Saturday, February 3, 2001
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Posted on: Saturday, February 3, 2001

Island Sounds
Keola Beamer celebrates Island pride in new album

By Wayne Harada
Advertiser Entertainment Editor

Audio sample of "Island Born" by Keola Beamer. in mp3 or RealAudio format. RealAudio requires a plug-in.

"ISLAND BORN" by Keola Beamer, Ohe Records 96118.

Carrying on a family tradition, Keola Beamer sings of ohana and aina in his newest album, declaring his unending respect for and admiration of his Island roots.

Possibly, this is more cultural than commercial, but worry not: it’s a beauty, through and through.

The title song, one of Beamer’s compositions, is a sweet and fragile musical reflection on the sunrises and seas that make Hawaii special. It’s in the spirit of his earlier signature, "Honolulu City Lights," in that a simple cruise in the car can evoke a sense of being proud about your hometown.

Of course, Beamer’s ki hoalu artistry is on exhibit here, too, on some Hawaiian classics, including "Na Ka Pueo," a hula oldie telling of a ship’s arrival in Honolulu harbor, its flag waving, and the stunning mele inoa (name song), "Hula O Makee," also about a ship named after a Capt. Makee which runs aground off Kauai.

Beamer’s mastery of the Hawaiian language is unmistakable; his arrangements and interpretation convert familiar tunes into new, joyous discoveries. For instance, his mom Nona Beamer’s "Kahuli Aku," has long been an indelible hula favorite with child-like innocence (about a land shell), but it is brilliantly reshaped with Beamer joined by Princess Keliihoomalu on vocals. Similarly, "Olapa Ka Uila i Kaneohe," about the arrival of electricity on the Windward side, yields sparks of rediscovery.

And "Leahi," with harmony by George Kahumoku Jr., evokes images of Beamer bursting into an impromptu dance. Ditto, "Kuu Hoa," a song by Beamer’s late grandfather Pono, with its understated double-entendre meanings. Again, Beamer’s insights add new pleasures, new insights into these musical morsels, crammed with family roots and pride.

But one of the true gifts of the set is "True Hawaiian Way," a Beamer composition that was a present to his mom, Nona, on her 76th birthday last Aug. 15; not only is there an earnest son’s homage to his mom, an inspiration to him and many others, but Jerry Santos’ harmony also is a measure (and pleasure) of Hawaiian trueness, too.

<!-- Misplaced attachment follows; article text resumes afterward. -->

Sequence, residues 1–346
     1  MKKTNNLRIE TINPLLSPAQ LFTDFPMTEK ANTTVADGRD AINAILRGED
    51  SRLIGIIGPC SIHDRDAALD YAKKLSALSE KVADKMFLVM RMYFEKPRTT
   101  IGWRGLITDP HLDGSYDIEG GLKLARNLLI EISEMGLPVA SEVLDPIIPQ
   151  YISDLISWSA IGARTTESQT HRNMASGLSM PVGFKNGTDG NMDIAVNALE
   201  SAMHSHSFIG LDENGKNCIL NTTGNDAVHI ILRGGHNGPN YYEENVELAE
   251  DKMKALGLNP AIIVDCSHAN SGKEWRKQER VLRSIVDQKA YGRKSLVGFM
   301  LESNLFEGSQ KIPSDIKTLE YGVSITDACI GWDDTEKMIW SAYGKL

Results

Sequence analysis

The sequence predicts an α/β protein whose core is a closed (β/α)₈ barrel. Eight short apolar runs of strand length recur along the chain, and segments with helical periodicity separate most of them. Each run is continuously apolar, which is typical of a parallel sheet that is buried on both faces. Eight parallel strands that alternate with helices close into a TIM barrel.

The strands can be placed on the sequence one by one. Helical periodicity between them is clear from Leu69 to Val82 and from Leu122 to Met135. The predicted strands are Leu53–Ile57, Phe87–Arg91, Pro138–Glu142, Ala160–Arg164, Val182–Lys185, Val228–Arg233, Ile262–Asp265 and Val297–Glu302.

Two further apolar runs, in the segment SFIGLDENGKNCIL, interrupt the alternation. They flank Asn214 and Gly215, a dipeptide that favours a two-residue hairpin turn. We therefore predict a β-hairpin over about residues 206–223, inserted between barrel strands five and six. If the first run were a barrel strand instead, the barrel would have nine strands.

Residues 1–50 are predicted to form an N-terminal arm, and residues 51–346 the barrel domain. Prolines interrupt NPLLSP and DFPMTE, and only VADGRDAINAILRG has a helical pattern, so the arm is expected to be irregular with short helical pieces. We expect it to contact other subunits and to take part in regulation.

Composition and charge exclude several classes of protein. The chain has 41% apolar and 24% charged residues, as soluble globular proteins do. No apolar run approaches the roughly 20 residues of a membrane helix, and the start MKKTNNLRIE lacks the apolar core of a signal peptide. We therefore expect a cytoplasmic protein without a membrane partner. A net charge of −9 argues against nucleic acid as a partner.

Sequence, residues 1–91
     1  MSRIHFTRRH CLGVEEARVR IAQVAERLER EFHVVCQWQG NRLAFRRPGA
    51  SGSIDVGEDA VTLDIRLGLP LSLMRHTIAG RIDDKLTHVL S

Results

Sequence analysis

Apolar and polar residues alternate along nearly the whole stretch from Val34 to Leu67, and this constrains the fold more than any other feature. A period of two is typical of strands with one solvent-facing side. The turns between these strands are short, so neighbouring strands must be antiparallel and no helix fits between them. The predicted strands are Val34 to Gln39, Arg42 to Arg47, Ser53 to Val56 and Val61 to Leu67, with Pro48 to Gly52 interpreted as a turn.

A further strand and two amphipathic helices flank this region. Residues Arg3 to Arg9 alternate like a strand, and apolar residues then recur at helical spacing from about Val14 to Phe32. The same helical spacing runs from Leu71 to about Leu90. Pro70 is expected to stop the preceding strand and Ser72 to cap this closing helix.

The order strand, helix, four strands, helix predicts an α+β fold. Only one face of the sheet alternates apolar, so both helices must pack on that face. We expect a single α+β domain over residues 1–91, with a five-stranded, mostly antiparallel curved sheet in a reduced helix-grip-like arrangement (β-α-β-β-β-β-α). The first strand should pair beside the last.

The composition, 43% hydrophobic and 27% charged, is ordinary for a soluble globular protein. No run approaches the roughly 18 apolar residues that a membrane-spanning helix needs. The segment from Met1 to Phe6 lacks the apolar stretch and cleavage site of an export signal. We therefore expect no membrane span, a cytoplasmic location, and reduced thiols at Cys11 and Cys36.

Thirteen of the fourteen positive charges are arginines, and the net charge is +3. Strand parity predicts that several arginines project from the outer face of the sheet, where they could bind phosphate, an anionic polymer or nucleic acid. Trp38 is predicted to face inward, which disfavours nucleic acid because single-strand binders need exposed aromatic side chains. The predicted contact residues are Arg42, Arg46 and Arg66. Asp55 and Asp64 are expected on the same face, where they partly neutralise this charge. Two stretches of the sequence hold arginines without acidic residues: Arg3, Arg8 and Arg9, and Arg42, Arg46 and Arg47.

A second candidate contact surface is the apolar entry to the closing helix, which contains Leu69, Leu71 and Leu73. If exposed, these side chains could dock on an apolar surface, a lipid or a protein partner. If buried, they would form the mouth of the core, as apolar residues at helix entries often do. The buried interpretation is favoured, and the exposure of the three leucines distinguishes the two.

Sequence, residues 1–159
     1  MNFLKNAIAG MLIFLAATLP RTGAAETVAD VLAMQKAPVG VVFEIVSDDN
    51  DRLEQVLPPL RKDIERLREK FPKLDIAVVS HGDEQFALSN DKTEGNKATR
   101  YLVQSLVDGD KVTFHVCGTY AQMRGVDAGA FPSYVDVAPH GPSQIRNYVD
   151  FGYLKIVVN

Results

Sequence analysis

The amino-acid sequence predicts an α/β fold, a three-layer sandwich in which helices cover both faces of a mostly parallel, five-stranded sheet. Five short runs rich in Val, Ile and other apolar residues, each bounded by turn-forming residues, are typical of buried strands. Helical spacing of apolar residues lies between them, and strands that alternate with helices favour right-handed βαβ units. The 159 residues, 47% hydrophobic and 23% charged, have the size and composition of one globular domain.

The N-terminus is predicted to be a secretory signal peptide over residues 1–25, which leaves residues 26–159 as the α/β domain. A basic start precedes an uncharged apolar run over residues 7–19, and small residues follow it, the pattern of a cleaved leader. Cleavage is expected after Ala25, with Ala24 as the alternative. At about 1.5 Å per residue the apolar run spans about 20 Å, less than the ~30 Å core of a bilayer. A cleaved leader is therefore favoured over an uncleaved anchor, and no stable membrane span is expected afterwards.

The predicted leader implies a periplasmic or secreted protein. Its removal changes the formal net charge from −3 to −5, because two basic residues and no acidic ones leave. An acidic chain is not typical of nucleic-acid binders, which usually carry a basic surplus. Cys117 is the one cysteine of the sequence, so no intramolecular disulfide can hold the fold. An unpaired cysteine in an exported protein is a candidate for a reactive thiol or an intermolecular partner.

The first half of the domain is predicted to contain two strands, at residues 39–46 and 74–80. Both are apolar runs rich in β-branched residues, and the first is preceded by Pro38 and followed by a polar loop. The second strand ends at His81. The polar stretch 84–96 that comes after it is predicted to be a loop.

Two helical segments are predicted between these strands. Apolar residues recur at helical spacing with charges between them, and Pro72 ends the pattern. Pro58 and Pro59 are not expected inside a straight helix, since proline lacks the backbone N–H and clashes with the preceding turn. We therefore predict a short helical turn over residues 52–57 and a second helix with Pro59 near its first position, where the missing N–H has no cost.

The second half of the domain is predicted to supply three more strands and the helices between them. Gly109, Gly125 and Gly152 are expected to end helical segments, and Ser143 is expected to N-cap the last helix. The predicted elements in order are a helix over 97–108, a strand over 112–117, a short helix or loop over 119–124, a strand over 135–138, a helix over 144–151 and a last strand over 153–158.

The cultural aspect is particularly loud and clear in a medley of "Wao Lipo," a Beamer instrumental piece, coupled with Mary Kawena Pukui’s "Ke Ao Nani," with Beamer performing on nose flute on his composition; "nature sounds" recorded by his wife, Moanalani Beamer, in the forests of Wailua Valley on Kauai, underscores this effort. Clearly, it’s a celebration of truly being Island born.

Audio sample of "Ami Ami Slack Key" by Led Kaapana and Bob Brozman. in mp3 or RealAudio format. RealAudio requires a plug-in.

"IN THE SADDLE" by Ledward Kaapana and Bob Brozman, Dancing Cat Records, 08022-28051-2.

It’s party time again, as guitarist Ledward Kaapana and steel guitarist Bob Brozman team up for their second songfest of slack and steel duets.

There’s one appealing vocal here, "Meleana E," but otherwise, it’s all sprightly, sizzling, soulful stuff, occasionally playful, frequently flashy, and uniformly engaging.

From the opening "Ami Ami Slack Key," rich with upbeat

tempos and zesty give-and-take, to the closing "Pua Be Still," with its imagery about flowers, this set is flavored with genuine passion.

What’s delightful is the new personality brought to familiar favorites, like the gently wafting mood on "No Ke Ano Ahiahi," commonly rendered as an upbeat tune, or the paniolo-country twang on "Lei Ohu," the classic often linked with Gabby Pahinui.

And just when you think there’s far too much giddy fun, the pair offer two precious and romantic waltzes - the slightly upbeat "Waialae Waltz" with reminders of monarchial elegance, and the medium-beat "Ahoe Hakuloa," with Tahitian roots. Outstanding work.

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